Writing the Rails
Mar 10, 2014, Vol. 19, No. 25 • By THE SCRAPBOOK
There’s long been a certain romance associated with train travel. Think of the trains of the 1920s, replete with well-appointed compartments and dining cars featuring white tablecloths and five-star cuisine. And one need not necessarily go back in time to find examples of impressive trains: Even in the present day, France’s lightning-fast TGV and Japan’s famous bullet trains retain a certain cachet.
Amtrak, America’s government subsidized passenger rail service, is decidedly less glamorous, it’s probably needless to say. With its endemic delays, prison-style cafeteria food on plastic trays (though unlike the clink, there’s at least beer—for $7 a bottle), all-too-often-filthy lavatories, and slow speeds, Amtrak is more like a Greyhound bus on rails than a luxurious conveyance. There’s a reasonable case that Amtrak provides a necessary service—particularly in the crowded corridor between Washington and Boston—but the Orient Express it ain’t.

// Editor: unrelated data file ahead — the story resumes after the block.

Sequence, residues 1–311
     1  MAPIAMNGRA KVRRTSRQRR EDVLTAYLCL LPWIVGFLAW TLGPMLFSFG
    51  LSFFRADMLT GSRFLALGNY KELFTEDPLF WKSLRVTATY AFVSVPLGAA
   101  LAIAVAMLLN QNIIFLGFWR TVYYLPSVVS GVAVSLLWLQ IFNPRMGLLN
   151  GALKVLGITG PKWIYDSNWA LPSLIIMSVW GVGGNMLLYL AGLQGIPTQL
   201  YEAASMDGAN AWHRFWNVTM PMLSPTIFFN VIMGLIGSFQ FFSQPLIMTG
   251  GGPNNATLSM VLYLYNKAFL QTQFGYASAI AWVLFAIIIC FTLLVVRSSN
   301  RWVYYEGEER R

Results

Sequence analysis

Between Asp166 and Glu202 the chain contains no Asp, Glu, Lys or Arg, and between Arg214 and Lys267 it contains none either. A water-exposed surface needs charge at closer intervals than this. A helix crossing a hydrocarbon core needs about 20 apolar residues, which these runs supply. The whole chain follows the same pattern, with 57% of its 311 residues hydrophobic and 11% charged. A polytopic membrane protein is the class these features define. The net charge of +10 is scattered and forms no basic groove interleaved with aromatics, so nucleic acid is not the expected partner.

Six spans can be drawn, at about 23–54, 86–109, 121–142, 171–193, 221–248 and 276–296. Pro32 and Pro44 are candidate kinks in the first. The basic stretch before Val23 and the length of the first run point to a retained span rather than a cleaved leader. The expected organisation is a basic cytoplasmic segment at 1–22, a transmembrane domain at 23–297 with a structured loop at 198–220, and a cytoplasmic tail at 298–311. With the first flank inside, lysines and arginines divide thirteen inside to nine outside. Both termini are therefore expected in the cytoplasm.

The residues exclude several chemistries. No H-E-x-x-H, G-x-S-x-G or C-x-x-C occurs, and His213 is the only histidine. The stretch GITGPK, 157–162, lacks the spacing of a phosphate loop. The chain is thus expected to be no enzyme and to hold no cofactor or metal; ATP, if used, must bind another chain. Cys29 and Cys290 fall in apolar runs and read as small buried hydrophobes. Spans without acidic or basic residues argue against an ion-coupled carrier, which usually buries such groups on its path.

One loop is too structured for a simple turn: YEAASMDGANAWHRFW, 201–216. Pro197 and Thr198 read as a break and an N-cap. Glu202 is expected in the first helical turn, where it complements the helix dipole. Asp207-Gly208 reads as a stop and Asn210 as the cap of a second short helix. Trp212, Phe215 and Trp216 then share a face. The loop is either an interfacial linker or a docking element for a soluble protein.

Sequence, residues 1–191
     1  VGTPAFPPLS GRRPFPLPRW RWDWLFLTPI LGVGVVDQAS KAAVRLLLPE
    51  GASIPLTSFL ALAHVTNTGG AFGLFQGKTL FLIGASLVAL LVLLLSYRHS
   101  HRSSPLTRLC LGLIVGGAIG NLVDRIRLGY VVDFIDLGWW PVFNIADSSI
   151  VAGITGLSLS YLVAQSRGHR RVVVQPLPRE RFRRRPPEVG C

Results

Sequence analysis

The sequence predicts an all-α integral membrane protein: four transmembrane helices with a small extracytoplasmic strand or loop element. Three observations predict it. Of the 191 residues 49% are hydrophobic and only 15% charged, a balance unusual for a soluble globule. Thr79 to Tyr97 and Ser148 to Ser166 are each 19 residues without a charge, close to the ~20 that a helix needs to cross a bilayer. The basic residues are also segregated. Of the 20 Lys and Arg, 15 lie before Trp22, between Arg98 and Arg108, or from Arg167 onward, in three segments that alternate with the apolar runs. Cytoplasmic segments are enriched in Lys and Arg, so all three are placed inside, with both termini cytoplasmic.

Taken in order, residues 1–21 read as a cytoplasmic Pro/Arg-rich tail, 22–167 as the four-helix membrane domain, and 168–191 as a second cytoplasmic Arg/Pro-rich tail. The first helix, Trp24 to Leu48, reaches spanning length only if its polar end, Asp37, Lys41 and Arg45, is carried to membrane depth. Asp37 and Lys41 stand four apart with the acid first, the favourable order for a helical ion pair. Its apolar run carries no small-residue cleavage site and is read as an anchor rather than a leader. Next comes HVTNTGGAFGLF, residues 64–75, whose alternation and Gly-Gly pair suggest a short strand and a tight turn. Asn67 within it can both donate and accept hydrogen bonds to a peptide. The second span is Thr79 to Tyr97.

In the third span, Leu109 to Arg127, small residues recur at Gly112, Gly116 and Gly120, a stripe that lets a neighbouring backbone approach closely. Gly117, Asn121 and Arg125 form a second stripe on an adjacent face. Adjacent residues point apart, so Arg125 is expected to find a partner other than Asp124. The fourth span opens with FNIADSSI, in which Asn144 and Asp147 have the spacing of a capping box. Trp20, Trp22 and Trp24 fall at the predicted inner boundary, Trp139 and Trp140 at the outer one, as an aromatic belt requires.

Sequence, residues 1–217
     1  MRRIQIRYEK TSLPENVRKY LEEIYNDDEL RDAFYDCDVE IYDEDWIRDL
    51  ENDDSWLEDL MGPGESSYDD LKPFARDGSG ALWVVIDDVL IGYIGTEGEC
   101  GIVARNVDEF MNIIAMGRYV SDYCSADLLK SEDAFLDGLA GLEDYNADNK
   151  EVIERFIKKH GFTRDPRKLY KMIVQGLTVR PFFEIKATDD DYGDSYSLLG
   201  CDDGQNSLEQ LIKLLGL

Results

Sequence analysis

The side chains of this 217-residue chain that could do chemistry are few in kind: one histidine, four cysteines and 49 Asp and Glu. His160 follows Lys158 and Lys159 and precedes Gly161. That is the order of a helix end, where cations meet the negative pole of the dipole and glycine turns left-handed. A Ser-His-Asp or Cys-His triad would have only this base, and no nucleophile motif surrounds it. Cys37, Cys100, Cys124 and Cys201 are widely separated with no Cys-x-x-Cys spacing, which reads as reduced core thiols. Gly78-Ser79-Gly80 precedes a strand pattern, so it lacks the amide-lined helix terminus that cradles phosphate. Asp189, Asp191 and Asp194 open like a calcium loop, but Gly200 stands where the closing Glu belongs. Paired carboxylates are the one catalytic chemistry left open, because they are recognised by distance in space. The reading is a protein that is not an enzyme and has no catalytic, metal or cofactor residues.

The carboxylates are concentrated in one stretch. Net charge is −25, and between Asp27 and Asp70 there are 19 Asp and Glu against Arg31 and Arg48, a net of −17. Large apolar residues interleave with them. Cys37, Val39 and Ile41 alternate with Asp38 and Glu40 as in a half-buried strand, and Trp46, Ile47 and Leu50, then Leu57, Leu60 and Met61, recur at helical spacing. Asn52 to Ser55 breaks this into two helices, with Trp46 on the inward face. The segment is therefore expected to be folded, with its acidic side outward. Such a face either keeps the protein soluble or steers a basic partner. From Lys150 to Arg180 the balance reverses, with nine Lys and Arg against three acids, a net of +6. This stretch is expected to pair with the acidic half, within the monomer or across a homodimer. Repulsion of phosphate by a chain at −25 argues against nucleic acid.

Amtrak may be aware of this, as it’s decided to start simply giving away its product in pursuit of “buzz.” As the Los Angeles Times explained last week,
Bizarrely, other writers seemed to share Chee’s sentiment, and uttered words never before heard in the English language: “I want to spend several days on Amtrak!” And so, the Times continues, Amtrak decided to accomodate them:
This would all be well and good, and hardly The Scrapbook’s concern, were Amtrak simply throwing away its own money. But it’s not: The rail company that feels so flush as to give free rides to writers requires more than $1 billion in taxpayer subsidies each year just to keep the “trains running on time.” Or, er, not on time, as the case too often is.
Recent Blog Posts